- Most effective of all is a new combination — a fusion of images and symbols that have not been seen together before, but that through their association clearly demonstrate your new idea, message or religion.
- Use the power of symbols to rally, animate and unite your troops or team.
- The best way to use images and symbols is to organize them into a grand spectacle that awes people and distracts them from unpleasant realities.
- There is no reversal.
Law 38: Think As You Like But Behave Like Others
If you make a show of going against the times, flaunting your unconventional ideas and unorthodox ways, people will think that you only want attention and that you look down upon them. They will find a way to punish you for making them feel inferior. It is far safer to blend in and nurture the common touch. Share your originality only with tolerant friends and those who are sure to appreciate your uniqueness.
Keys To Power
- We all tell lies and hide our true feelings, for complete free expression is a social impossibility.
- There are people who see such restraints as an intolerable infringement on their freedom, and who have a need to prove the superiority of their values and beliefs.
- In the end, their arguments convince only a few and offend a great deal more. The reason arguments do not work is that most people hold their ideas and values without thinking about them.
- Wise and clever people learn early on that they can display conventional behaviour and mouth conventional ideas without having to believe in them.
- They get to be left alone to have the thoughts they want to have, and to express them to the people they want to express them to, without suffering isolation or ostracism.
- The logical extension of this practice is the invaluable ability to be all things to all people. People will swallow the bait because it flatters them to believe that you share their ideas.
- The only time worth standing out is when you already stand out — when you have achieved an unshakable position of power, and can display your difference from others as a sign of distance between you.
- There is always a place for the gadfly, the person who successfully defies custom and mocks what has grown lifeless in a culture.
Law 39: Stir Up Waters To Catch Fish
Anger and emotion are strategically counterproductive. You must always stay calm and objective. But if you can make your enemies angry while staying calm yourself, you gain a decided advantage. Put your enemies off-balance: find the chink in their vanity through which you can rattle them and you hold the strings.
Keys To Power
- Anger is not power, but a sign of helplessness. People may temporarily be cowed by your tantrums, but in the end they lose respect for you. They also realize they can easily undermine a person with so little self-control.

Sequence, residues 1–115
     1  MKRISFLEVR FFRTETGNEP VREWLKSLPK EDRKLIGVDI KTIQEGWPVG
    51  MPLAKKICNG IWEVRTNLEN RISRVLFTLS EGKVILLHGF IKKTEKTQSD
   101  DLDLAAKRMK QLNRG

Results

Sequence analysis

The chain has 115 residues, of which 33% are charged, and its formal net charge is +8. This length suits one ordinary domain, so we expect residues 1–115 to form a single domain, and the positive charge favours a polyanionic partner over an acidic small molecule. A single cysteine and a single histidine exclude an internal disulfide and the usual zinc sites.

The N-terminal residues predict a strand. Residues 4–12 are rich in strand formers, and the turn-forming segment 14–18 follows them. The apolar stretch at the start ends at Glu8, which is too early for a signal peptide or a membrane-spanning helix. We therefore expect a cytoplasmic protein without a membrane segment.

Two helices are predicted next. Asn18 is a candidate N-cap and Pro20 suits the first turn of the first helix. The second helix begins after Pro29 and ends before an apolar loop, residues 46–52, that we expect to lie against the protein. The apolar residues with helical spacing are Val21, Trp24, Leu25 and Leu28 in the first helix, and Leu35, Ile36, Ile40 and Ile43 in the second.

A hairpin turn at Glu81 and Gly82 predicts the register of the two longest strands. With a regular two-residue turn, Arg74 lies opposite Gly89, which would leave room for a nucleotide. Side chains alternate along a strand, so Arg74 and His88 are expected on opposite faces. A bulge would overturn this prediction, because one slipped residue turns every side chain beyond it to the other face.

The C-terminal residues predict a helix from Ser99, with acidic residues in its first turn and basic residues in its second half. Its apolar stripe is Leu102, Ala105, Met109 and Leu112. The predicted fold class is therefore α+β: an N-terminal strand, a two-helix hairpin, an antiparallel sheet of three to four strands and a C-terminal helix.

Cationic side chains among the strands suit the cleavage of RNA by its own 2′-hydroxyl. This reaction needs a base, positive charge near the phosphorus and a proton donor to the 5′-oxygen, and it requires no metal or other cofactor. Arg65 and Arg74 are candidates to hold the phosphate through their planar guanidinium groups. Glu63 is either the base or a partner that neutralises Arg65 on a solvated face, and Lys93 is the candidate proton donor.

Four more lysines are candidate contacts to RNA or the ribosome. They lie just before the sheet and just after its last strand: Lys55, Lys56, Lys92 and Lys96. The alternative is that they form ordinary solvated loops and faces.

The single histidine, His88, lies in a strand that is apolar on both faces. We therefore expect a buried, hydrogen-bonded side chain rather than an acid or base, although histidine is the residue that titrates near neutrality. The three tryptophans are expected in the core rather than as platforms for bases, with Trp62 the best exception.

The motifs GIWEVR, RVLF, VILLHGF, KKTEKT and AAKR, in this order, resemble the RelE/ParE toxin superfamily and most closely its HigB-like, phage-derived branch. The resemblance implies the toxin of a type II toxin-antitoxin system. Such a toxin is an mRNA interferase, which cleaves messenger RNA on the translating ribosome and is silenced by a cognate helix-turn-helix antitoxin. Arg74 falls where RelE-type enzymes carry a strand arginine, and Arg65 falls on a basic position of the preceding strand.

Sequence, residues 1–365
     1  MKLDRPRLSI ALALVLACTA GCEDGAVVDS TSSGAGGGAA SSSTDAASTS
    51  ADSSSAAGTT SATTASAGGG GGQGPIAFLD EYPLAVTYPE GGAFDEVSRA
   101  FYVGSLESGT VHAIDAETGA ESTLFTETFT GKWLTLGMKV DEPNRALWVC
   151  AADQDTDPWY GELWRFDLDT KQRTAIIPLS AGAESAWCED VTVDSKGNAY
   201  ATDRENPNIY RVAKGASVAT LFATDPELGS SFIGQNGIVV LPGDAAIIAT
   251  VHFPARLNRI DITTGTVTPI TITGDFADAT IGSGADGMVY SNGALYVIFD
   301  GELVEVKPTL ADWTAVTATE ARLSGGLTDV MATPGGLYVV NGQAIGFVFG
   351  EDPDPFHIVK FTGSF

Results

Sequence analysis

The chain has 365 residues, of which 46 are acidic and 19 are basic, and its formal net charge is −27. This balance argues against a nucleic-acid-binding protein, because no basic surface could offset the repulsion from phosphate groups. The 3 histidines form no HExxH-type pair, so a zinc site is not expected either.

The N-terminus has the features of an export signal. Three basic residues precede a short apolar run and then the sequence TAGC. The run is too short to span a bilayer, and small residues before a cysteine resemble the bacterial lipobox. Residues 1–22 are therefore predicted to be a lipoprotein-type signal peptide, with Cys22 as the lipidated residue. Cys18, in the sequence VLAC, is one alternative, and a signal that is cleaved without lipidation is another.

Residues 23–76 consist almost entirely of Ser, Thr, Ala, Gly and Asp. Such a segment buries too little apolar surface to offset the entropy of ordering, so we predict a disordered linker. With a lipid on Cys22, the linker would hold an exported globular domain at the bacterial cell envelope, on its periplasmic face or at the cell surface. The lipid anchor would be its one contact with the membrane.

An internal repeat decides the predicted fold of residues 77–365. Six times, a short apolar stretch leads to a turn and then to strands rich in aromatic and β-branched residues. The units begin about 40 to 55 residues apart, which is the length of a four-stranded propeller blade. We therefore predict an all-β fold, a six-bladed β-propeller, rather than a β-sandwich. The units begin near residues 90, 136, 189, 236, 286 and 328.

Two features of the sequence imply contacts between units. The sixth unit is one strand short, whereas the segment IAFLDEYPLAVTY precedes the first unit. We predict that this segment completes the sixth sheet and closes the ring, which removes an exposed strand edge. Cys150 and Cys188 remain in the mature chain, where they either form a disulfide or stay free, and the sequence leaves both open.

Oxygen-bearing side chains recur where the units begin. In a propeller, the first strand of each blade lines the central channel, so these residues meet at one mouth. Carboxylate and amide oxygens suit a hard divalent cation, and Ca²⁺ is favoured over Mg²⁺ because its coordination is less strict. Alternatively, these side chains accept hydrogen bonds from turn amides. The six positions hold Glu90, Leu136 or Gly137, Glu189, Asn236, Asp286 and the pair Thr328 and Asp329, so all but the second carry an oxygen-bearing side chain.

- The answer is not to repress our anger or emotional responses. It is to change our perspective — that nothing in the social and power realm is personal.
- Anger cuts off our options, and the powerful cannot thrive without options.
- Once you have trained yourself not to take matters personally, you can play with the emotional responses of other people.
- In the face of a hot-headed enemy, an excellent response is no response. Nothing is as infuriating as a man who keeps his cool while others are losing theirs.
- When playing with people’s emotions you have to be careful. Study the enemy beforehand: some fish are best left at the bottom of the pond.
- There are also times where a well-timed burst of anger can do you good, but your anger must be manufactured and under your control. Then you can determine exactly how and on whom it will fall.
Law 40: Despise The Free Lunch
What is offered for free is dangerous — it usually involves a trick or a hidden obligation. What has worth is worth paying for. By paying your own way you stay clear of gratitude, guilt and deceit. It is also often wise to pay the full price — there is no cutting corners with excellence. Be lavish with your money and keep it circulating, for generosity is a sign and a magnet for power.
- In the realm of power, everything must be judged by its cost, for everything has a price. What is offered for free or at a bargain often comes with a psychological price tag — complicated feelings of obligation, compromises with quality, the insecurity these comprises bring etc.
- The powerful learn early to protect their most valuable resource: independence and room to maneuver.
- Being open and flexible also teaches the value of strategic generosity.
Recognize These 4 Types And Avoid Them/Use Them:
- The Greedy Fish
- They take the human side out of money. They view others solely as pawns or obstructions in their pursuit of wealth.
2. The Bargain Demon
- They waste time digging for bargains, worry endlessly about what they could have gotten elsewhere for a little less.
- They might seem to only harm themselves, but their attitudes are contagious.
3. The Sadist
- They play vicious power games with money as a way of asserting their power.
- They think that paying for something gives them the right to torture and abuse the seller.
4. The Indiscriminate Giver
- They are generous because they want to be loved and admired by all.
- Their generosity is needy and may not have the desired effect.
- This Law offers great opportunities for swindling and deception if you apply it from the other side. Dangling the lure of a free lunch is the con artist’s stock in trade.
Law 41: Avoid Stepping Into A Great Man’s Shoes
What happens first always appears better and more original than what comes after. If you succeed a great man or have a famous parent, you will have to accomplish double their achievements to outshine them. Do not get lost in their shadow, or stuck in a past not of your own making. Establish your own name and identity by changing course. Slay the overbearing father, disparage his legacy, and gain power by shining in your own way.
Keys To Power